The making of ‘The hunt for Mrs. Oliver Methode Traditionnelle Fiano’ Pt.1- Why a traditional method Fiano sparkling you weirdos??
Whenever people ask me what my favourite wines are, and believe me, it is a question I get asked ALL THE TIME, my immediate response is Champagne. The questioner is always slightly disappointed with my answer. I think they expect me to say one of my own wines- but who can choose a favourite child!?!?
I have long been enamoured with the glorious beverage that Champagne, at its best, can be. Champagne is traditionally made from Chardonnay and Pinot that is grown in the French region of Champagne. We have neither of the classic grapes planted on the Taranga vineyard, our region is too warm to have varieties that excel in the cooler regions of the wine world. Hence, I have never really let my mind wander down the path of making a traditional sparkling to add to our estate grown range of wines. I was happy just to sate myself with the wonders from Australian cool climate regions such as Tasmania, the Yarra Valley and the Adelaide Hills, as well as Champagne. My wallet has not been so happy! (My favs if you really want to know…. Aussie: Arras, Deviation Road, Brown Brothers Patricia. Champagne: Taittinger Comte and Salon )
This started to change around 10 years ago, when we started working more seriously with the Italian grape variety, Fiano. We had originally planted Fiano, a native of Campania, in 2004 on a quest to find a white variety that would suit our vineyard and climate in McLaren Vale. Fiano, having evolved in a warm and dry region, is very drought and heat tolerant, and holds a very high natural acidity in the grape. Fiano slotted into our vineyard perfectly, and we love making a white wine from this variety.
Fiano handpicked ready for making into The hunt for Mrs.Oliver
In the back of my mind, as I got to learn more about Fiano with every vintage, I started thinking about its suitability for fizz making. One of the keys in making a great sparkling wine in the traditional method is having a high natural acidity, and the base wine needs to be pretty neutral. By neutral I mean, that it can’t have any super massive distinctive aromas. For example, you don’t see many fine sparkling’s made from Sauvignon Blanc- the varietal character of grassy tropical notes is too distinctive and dominating, and isn’t so attractive once you add fizz to that mix. Fiano does have some varietal characters, but they tend to be of a textural nature, and I could see that with early picking, that the variety had potential.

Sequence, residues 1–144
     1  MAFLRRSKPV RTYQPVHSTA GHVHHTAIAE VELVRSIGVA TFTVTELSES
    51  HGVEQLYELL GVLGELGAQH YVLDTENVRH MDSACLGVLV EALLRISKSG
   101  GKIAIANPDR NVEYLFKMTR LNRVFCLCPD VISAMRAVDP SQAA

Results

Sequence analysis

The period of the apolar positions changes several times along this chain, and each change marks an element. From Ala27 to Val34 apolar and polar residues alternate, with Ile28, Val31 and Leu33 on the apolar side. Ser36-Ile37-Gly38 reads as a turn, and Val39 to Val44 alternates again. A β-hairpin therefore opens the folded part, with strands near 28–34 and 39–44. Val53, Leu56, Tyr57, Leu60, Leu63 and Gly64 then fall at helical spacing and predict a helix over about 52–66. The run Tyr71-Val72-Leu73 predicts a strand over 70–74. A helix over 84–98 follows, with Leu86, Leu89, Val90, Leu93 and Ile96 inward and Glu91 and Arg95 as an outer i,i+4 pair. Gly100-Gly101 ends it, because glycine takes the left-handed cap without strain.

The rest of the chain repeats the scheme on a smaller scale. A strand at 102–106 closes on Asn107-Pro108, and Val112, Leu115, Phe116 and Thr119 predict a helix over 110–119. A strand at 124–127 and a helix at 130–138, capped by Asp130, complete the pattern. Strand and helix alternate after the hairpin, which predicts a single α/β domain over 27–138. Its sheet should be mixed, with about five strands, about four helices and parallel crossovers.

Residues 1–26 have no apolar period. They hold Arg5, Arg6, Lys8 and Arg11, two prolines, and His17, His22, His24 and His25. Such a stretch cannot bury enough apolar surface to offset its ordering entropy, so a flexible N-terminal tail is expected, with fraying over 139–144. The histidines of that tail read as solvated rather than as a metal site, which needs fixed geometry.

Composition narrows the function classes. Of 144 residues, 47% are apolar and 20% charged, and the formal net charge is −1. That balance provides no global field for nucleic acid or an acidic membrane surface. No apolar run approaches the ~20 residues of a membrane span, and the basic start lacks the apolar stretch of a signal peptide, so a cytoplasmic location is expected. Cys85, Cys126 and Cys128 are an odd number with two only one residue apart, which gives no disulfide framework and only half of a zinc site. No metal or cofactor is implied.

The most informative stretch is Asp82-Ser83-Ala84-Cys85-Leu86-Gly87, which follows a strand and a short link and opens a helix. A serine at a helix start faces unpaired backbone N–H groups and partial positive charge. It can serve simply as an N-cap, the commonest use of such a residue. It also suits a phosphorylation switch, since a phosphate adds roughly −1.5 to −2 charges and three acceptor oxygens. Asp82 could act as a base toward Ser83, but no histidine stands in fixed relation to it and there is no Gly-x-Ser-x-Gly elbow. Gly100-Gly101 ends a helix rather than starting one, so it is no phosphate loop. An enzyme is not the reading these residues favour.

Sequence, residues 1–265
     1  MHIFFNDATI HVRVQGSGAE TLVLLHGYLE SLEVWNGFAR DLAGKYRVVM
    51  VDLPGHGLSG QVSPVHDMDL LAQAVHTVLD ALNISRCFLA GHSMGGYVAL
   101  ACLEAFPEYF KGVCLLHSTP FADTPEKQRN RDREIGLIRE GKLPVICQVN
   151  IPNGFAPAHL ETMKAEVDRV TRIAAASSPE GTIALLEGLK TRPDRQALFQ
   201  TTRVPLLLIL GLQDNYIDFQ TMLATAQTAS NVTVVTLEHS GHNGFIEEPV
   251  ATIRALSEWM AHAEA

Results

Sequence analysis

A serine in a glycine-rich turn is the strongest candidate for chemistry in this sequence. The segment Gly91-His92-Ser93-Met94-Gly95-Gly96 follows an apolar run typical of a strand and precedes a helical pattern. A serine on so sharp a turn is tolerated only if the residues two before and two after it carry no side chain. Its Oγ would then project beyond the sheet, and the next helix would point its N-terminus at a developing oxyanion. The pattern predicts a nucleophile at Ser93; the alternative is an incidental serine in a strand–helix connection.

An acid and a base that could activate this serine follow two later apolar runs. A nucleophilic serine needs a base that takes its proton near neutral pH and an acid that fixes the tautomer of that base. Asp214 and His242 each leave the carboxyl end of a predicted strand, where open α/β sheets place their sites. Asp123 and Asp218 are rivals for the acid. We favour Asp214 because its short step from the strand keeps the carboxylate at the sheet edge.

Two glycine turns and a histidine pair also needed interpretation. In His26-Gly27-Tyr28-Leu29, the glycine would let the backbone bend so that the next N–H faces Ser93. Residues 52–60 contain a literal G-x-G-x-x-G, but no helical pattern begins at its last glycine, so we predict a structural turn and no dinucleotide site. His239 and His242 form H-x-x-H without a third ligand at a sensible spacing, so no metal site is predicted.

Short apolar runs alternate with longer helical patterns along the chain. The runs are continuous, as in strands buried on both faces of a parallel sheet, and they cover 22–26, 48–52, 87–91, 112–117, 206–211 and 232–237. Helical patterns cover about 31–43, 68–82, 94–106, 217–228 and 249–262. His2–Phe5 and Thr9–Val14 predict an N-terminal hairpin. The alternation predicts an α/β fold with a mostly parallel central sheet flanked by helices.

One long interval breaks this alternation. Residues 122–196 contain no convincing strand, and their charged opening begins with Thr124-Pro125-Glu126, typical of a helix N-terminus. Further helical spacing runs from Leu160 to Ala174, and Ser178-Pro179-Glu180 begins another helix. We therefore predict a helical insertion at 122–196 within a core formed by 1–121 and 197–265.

Around this time I tasted a sparkling made of Fiano by Italian varietal front runners the Chalmers family, and was really impressed with the wine, so the idea started to take more shape in my mind.
Couple of small (actually large) issues though.
- I didn’t really know how to make traditional method sparkling. Sure, I knew more than the average Joe Bloe on the street, but sparkling making is an art inside of the art of winemaking, like being a surgeon instead of a GP and;
- I didn’t have any of the more specialised equipment required for making a traditional method sparkling.